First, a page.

Human beings are incredibly good at recognizing patterns. It is an amazing skill, both practically and creatively. But it can get us into trouble, too. And it is doing that now.
We observe ISIS’s horrific behavior and we see a pattern: A terrorist group bent on destroying our way of life. This pattern lends itself to certain assumptions. We assume that its propaganda accurately states its true motivations. We assume that anyone who supports ISIS must agree with all it says. These assumptions imply a purely military solution: Destroy the evildoers, wherever they are.
I have in this space previously argued that “hearts and minds” approaches to counterrorism and counterinsurgency are superior in many cases to those based on military force, even taking into account the incredible expertise and professionalism of our armed forces. The planned response to the Islamic State in Iraq and Syria (ISIS), as presented by the president on Sept. 10, places too much emphasis on military force and risks the sort of negative outcome suggested by satirists.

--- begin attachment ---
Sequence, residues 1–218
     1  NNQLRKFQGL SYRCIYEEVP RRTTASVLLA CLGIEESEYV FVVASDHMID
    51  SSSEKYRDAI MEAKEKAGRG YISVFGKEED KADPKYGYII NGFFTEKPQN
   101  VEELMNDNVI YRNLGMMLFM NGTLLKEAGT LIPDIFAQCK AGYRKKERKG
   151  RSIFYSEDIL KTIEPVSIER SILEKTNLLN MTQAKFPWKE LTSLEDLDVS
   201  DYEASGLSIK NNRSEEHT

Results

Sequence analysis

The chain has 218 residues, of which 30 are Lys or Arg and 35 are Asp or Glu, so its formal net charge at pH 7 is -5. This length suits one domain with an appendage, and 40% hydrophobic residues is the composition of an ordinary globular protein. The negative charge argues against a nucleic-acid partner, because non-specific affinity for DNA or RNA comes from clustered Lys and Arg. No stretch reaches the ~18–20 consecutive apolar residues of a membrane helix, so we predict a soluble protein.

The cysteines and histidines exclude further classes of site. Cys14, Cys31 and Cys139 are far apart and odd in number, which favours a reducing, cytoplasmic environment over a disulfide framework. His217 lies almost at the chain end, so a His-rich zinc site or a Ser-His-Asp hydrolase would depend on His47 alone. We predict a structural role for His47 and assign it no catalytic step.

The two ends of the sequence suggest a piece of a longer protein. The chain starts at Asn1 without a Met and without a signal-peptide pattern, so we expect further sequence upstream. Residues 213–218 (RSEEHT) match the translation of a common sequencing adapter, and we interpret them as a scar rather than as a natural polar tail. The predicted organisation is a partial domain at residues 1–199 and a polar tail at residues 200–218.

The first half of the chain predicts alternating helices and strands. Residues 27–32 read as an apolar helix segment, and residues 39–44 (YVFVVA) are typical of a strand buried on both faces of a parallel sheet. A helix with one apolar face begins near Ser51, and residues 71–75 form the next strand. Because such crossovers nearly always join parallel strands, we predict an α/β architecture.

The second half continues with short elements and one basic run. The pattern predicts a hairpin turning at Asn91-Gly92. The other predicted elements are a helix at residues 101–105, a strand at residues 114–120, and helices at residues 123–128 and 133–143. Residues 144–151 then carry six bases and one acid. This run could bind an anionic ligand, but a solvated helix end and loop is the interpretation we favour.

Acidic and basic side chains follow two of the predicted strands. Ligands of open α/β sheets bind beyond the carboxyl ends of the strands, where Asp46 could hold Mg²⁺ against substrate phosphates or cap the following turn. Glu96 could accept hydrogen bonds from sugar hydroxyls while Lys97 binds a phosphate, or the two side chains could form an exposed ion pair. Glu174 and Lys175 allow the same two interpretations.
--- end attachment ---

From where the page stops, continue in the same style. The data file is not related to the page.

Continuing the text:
The situation in Iraq and Syria is of course complex, but it has one particularly salient feature: There is a substantial constituency in both countries that views ISIS as preferable to its alternatives and offers the group either tacit or material support. Without this support, ISIS is a collection of terrorists with arms inferior to those of local militaries which has nowhere to hide and no promise of significant expansion. With this support it is a de facto state. The distinction between a nongovernmental actor and one that holds territory like a state is crucial.